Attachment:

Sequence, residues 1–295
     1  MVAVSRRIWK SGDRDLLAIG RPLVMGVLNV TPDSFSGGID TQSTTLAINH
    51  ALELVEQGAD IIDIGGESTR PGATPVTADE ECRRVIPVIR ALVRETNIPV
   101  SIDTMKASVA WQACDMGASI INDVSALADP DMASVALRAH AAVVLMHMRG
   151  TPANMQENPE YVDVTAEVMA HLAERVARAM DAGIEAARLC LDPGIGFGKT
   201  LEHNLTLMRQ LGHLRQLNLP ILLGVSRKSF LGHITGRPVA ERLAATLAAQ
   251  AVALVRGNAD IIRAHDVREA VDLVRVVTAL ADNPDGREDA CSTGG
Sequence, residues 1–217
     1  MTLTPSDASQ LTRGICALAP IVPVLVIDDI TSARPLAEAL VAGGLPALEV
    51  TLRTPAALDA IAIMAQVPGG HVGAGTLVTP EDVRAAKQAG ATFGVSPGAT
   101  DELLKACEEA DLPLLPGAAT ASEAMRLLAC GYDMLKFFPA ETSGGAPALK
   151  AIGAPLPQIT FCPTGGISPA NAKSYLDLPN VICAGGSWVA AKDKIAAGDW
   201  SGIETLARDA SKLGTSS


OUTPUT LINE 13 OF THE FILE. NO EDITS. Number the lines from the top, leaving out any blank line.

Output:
   201  SGIETLARDA SKLGTSS